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As is painting, so is poetry

Unlike previous exhibition Place Making, the Norman Rea Gallery's new show, As is Painting, so is poetry boasts a youthful energy more suited to a University Art Gallery (Thumbnail credit Pequod/Princess Alice (2008) Ink on paper, copyright David Steans)

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Unlike previous exhibition Place Making, the Norman Rea Gallery's new show, As is Painting, so is poetry boasts a youthful energy more suited to a University Art Gallery. Curator and show creator Beth Walton's first solo exhibition as the title (a quote from Horace) suggests aims to explore the "relationship between written language and visual communication, both its harmony and contention" through ten sets of up-and-coming British artists.

It becomes obvious that the majority of the work throughout this exhibition is illustrative, creating a key link between text and image. As children we grow up with illustration as a medium for storytelling, progressing from picture books as small children to reading the images on book covers as we age, as Horace suggests; illustration is poetry in itself. However the numerous illustrations featured in this exhibition are not aimed towards children, in some cases the subject matter being more mature than the method of working would initially suggest. However, this is part of the joy of this work; the need to look closely at an image allows the viewer to form their own ideas behind how text and image are linked within the individual work.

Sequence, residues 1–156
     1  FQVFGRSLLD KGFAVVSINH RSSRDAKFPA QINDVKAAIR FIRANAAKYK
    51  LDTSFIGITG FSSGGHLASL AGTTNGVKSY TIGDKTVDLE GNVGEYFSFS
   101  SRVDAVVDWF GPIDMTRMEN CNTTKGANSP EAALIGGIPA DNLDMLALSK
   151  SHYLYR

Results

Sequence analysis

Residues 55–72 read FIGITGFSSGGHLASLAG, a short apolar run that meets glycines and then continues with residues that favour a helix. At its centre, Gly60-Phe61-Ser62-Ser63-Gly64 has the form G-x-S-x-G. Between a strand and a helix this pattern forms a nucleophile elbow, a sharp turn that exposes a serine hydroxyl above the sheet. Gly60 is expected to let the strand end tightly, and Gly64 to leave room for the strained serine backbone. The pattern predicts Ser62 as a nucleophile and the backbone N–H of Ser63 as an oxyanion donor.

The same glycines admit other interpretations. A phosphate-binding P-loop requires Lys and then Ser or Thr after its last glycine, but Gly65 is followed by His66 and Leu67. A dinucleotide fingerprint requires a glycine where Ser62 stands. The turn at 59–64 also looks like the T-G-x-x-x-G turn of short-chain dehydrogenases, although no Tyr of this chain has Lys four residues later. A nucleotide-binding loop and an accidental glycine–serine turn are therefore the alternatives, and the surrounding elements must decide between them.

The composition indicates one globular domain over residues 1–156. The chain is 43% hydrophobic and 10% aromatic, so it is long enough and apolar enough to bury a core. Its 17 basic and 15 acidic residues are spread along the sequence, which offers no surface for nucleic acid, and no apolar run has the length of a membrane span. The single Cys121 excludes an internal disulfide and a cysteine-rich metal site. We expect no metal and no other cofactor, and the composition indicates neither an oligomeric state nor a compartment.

As with many exhibitions, some pieces do appear lost alongside others. This is the case with the work of The Nous Vous Collective, whose pale drawings seem to vanish next to Amelia Crouch's bold monochrome canvasses. However, Beth has arranged the show so that each set of work is different from the last, thus keeping the feel of the show vibrant and fresh. Layout-wise, it is best to begin with the first piece in the back left corner, and then work around the room, paying close attention to each item so that none are missed out, rather than standing back and viewing the exhibition as a whole.

With the diversity the show offers it is difficult to suggest its highlights. Here is a case where individual preference will form the basis of how the exhibition is received. Personally, it is the work of Nicolar Bell that stands out, and this is perhaps partly due to the context in which these drawings were created. Currently travelling around South East Asia, Bell has drawn these charming illustrations en route, sending them back to Britain from exotic destinations directly to the Curator to be exhibited in the gallery. It is perhaps these little touches that make this exhibition special, and when combined with a theme that runs clearly through the whole show, we can be sure that much thought has gone into the choice of artists and the way the show has been hung.

With three weeks left, there is plenty of time to visit and make your own mind up about the exhibition. Does the chosen artwork succeed or fail in investigating the link between visual communication and the written word? Either way As is painting, so is poetry is one exhibition to visit for the eclectic mix of artists, here it is difficult to get bored when there is always something different to see. If Beth Walton's curatorial role is to be judged on this exhibition, then her future is likely to be as bright as that of the artists she has included in this show.

As is painting, so is poetry will be showing at the Norman Rea Gallery until 12 February 2010

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